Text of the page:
Recent statements by Minister of Trade, Industry & Competition, Minster Ebrahim Patel (that pioneering Broad Based Black Empowerment Trusts ("BBTs") constituted genuine black ownership structures) have prompted a relook at the role of BBTs as potential vehicles to achieve credible Black ownership credentials, contrary to the position taken by the Black Economic Empowerment Commission ("Commission") to date.
At their core Black Economic Employment ("BEE") schemes are meant to give an opportunity to previously disadvantaged persons by affording them a chance to regain the economic agency that was taken away by the apartheid regime, and to participate meaningfully in the broader economy - with a view to closing the inequality gap.
Central to BEE is the idea is that people falling within the definition of "black people" in terms of the Broad-Based Black Economic Empowerment Act will be afforded an opportunity to participate in the ownership and management of corporate entities ("Entities"), which will, in turn, enable skills development and economic benefits to flow to them, empower future generations and hopefully thereby reduce the ever-growing inequality gap.
In terms of the existing BEE framework, Entities are incentivised to achieve ownership by "black people" by being awarded a score on the BEE ownership scorecard (which increases on a sliding scale based on the extent to which "black" ownership is achieved). Having a high score creates many lucrative opportunities for Entities in South Africa.
The Department of Trade, Industry & Competition has promulgated a series of codes of conduct ("BEE Codes") in which the BEE regime is fully laid out. The BEE Codes recognise that ownership in Entities may be held through Trusts (including BBTs).
A BBT is typically a Trust in which a class of beneficiaries are identified (e.g., a defined grouping of "black people") and who get to enjoy the economic benefits and fruits of the assets in which the BBT is invested. The dilemma that is often faced is that, in a trust (particularly a BBT) beneficiaries do not hold the right of ownership directly but rather the trustees hold the right.
The Commission has taken the position that, in order for a BBT to achieve full recognition, the beneficiaries of BBTs must receive economic benefits like those of true shareholders, be easily distinguished and individually identified (i.e, not an amorphous grouping of individuals), enjoy voting rights and become exclusive owners of the shares they are invested in through the mechanism of the BBT. In other words, the underlying asset and its benefits must vest in the beneficiaries for full recognition to be achieved. As will immediately be appreciated, this militates against the primary purpose of the discretionary Trust.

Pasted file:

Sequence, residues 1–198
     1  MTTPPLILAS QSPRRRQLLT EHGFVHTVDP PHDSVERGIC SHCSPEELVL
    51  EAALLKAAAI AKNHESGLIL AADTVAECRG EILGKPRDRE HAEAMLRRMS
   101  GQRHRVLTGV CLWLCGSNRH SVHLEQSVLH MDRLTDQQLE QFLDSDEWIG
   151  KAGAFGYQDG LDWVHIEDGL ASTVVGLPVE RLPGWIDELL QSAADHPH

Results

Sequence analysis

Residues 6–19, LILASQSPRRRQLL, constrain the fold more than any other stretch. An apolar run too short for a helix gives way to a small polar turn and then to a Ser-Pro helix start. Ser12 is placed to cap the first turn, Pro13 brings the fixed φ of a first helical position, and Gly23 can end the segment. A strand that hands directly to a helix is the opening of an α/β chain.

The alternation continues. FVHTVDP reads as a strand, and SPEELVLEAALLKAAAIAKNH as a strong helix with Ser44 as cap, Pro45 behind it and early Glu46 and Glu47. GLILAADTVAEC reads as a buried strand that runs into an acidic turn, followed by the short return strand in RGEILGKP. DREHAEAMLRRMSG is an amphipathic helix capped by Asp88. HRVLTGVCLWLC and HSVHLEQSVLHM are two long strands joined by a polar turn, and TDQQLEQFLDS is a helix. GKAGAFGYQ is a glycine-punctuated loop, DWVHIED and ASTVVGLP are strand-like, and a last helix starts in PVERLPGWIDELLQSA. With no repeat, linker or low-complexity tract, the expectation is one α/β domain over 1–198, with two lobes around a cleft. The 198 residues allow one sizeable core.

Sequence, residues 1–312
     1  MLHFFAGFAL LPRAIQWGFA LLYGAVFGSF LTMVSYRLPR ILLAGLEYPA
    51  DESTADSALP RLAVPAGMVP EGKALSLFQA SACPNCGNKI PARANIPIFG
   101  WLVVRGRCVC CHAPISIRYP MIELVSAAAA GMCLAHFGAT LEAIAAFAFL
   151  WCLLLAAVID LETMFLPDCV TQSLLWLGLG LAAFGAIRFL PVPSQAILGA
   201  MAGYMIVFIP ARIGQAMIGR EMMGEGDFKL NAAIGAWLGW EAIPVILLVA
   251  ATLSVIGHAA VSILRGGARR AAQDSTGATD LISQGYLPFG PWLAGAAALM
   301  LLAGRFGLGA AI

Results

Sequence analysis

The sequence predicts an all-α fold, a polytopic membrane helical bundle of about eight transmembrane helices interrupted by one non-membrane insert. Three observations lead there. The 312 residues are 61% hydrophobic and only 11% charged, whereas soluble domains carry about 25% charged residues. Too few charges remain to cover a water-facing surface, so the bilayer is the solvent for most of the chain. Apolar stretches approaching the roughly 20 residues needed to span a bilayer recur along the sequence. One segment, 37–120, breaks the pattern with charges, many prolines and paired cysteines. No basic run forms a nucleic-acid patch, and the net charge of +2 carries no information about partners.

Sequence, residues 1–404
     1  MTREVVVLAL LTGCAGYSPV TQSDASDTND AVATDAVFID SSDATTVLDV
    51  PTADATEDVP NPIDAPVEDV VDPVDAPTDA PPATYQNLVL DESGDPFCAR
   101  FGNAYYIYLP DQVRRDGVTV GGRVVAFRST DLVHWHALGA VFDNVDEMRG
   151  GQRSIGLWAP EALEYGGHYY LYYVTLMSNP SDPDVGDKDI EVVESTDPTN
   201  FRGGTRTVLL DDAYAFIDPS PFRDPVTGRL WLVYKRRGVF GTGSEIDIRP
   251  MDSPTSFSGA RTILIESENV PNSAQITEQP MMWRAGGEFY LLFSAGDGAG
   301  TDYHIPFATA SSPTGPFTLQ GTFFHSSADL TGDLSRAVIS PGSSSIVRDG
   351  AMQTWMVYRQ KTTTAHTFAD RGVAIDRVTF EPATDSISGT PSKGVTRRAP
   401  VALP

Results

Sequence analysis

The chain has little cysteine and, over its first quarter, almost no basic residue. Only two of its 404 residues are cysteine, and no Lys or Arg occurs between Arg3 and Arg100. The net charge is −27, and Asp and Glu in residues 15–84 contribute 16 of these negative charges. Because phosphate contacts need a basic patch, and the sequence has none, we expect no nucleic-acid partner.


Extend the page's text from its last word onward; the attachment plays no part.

However, the position that is currently being taken by the Commission does not find expression in the wording contained in the BEE Codes (the Commission holds the view that they are in conflict with the spirit and purport of BEE). The effect of the Commission's interpretation of the BEE Codes is that the BBT has, from a practical perspective, become obsolete when used in the context of BEE ownership. The problem with this is, of course, that so many legacy BEE ownership schemes that have been established since the inception of the BEE Codes, have made use of the BBT and these schemes are currently stranded with an ownership structure which, according to the Commission's interpretation, doesn't allow them to achieve maximum points on the BEE ownership scorecard.
Patel's comments, in which he appeared to recognise pioneering BBTs as genuinely "black-owned", stand at odds with those voiced by the Commission. While this may alleviate much of the consternation of Entities that currently make use of BBTs in their ownership structures, this uncertainty and policy ambiguity is deeply problematic - corporate players in South Africa require consistent messaging and policy certainty to enable them to plan their compliance requirements in order to free them up to focus on building enterprise and expanding the economy.
While it is arguably fair to observe that BBTs, in their current form, give insufficient economic agency back to the previously disadvantaged and are potentially open for abuse, there can be no doubt that they have a crucial role to play in the way the BEE landscape is formulated in South Africa. Minister Patel's statement may be seen as a move to influence the Commission to soften its position on BBTs - something that will be welcomed by many of the existing Entities that have made use of BBTs to attempt to achieve compliance. However, it is essential that those responsible for formulating policy and drafting the legislation on the part of the Department (the Minister and political leadership) and those responsible for enforcing the legislation (the Commission) be aligned on how it is to be interpreted.
Perhaps this latest development is an opportunity for meaningful dialogue between all stakeholders and policy makers to once and for all achieve a respectable level of policy certainty on the issue of BBTs.
The content of this article is intended to provide a general guide to the subject matter. Specialist advice should be sought about your specific circumstances.